Relativity and the Cosmos
In November of 1919, at the age of 40, Albert Einstein became an overnight celebrity,
thanks to a solar eclipse. An experiment had confirmed that light rays from distant stars
were deflected by the gravity of the sun in just the amount he had predicted in his theory
of gravity, General Relativity. General Relativity was the first major new theory of
gravity since Isaac Newton's, more than two hundred and fifty years earlier.
Einstein became a hero, and the myth building began. Headlines appeared in newspapers all
over the world. On November 8, 1919, for example, the London Times had an article
headlined: "The Revolution In Science/Einstein Versus Newton." Two days later, The New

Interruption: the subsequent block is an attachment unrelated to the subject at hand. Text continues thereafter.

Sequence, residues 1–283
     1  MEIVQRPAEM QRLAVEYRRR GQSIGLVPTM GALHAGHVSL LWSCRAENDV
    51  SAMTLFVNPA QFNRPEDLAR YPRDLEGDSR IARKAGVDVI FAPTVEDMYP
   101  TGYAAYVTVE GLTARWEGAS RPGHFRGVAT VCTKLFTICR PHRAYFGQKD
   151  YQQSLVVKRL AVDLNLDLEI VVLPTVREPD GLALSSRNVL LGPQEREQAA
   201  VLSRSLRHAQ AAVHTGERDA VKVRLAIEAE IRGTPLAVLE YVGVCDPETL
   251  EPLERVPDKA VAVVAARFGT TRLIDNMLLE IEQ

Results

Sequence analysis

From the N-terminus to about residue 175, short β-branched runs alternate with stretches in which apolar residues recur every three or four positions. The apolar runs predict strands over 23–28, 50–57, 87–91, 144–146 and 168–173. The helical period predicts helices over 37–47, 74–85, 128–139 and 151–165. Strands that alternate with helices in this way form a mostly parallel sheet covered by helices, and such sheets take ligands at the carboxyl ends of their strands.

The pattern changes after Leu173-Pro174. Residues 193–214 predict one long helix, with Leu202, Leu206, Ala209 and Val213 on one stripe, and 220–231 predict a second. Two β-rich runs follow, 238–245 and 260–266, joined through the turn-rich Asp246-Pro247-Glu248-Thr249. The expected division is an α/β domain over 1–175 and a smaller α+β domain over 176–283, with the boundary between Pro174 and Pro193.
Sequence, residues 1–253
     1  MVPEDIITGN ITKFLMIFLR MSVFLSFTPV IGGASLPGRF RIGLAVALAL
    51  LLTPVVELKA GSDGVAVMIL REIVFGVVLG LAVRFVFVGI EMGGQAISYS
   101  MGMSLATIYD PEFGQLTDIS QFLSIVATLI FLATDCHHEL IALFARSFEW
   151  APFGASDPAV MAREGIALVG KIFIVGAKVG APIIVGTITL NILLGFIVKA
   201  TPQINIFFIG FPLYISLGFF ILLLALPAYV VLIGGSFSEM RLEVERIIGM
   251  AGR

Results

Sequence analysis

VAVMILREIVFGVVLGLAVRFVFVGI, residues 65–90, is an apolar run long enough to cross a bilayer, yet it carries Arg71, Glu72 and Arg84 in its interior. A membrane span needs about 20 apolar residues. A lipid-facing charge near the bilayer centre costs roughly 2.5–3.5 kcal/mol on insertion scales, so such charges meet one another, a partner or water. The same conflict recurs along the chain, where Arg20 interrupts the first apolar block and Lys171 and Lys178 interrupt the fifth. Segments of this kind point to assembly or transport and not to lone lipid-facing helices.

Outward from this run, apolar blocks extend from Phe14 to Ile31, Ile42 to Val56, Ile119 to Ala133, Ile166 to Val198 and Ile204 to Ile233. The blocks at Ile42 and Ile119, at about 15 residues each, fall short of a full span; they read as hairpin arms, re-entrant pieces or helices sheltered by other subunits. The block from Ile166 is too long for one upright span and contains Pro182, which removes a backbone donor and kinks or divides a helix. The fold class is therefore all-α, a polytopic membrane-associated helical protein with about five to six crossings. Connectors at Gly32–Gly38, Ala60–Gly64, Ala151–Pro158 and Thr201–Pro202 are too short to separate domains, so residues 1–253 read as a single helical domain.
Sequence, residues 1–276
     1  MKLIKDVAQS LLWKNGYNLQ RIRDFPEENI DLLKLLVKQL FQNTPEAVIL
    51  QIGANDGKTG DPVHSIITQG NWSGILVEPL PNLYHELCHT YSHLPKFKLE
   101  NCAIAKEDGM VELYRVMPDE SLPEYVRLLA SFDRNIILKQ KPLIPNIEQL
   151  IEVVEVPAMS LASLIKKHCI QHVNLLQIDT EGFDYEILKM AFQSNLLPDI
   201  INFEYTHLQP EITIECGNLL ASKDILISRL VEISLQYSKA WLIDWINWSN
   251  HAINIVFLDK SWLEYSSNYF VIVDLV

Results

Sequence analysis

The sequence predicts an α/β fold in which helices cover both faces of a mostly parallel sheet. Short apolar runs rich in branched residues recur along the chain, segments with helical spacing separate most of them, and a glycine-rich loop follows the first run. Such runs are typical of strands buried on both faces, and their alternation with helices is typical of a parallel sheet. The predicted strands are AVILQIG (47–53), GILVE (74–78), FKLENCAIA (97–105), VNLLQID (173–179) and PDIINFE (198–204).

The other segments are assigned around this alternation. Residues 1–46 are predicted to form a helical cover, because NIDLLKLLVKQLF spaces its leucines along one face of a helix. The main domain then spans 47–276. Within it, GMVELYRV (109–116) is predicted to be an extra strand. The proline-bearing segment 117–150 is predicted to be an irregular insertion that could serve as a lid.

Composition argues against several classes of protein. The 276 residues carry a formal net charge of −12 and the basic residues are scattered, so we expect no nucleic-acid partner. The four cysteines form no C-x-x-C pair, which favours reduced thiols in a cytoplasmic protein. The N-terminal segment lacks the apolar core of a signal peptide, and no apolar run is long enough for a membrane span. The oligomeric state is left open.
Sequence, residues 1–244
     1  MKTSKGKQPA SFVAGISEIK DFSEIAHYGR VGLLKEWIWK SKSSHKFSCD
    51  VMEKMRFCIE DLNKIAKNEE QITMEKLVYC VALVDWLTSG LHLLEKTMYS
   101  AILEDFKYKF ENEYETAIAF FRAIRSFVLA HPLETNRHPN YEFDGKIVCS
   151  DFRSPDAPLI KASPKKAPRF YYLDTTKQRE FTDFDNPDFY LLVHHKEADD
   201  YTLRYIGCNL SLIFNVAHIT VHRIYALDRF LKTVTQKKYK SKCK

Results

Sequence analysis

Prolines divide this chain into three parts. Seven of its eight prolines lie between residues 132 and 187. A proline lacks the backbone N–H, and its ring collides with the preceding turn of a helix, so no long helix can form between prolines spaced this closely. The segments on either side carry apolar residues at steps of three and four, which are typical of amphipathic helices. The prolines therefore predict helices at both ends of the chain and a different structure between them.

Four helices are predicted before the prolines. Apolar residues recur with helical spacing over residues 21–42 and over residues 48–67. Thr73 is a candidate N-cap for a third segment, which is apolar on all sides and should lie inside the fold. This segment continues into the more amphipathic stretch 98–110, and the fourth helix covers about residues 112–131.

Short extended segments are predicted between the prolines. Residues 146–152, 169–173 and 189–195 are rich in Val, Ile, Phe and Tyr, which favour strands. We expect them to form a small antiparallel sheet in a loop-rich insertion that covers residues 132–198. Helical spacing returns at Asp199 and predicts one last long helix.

York Times' headlines read: "Lights All Askew In The Heavens/Men Of Science More Or Less
Agog Over Results Of Eclipse Observations/Einstein Theory Triumphs." The planet was
exhausted with World War I, eager for some sign of humankind's nobility, and suddenly here
was a modest scientific genius, seemingly interested only in pure intellectual pursuits.
What was General Relativity? Einstein's earlier theory of time and space, Special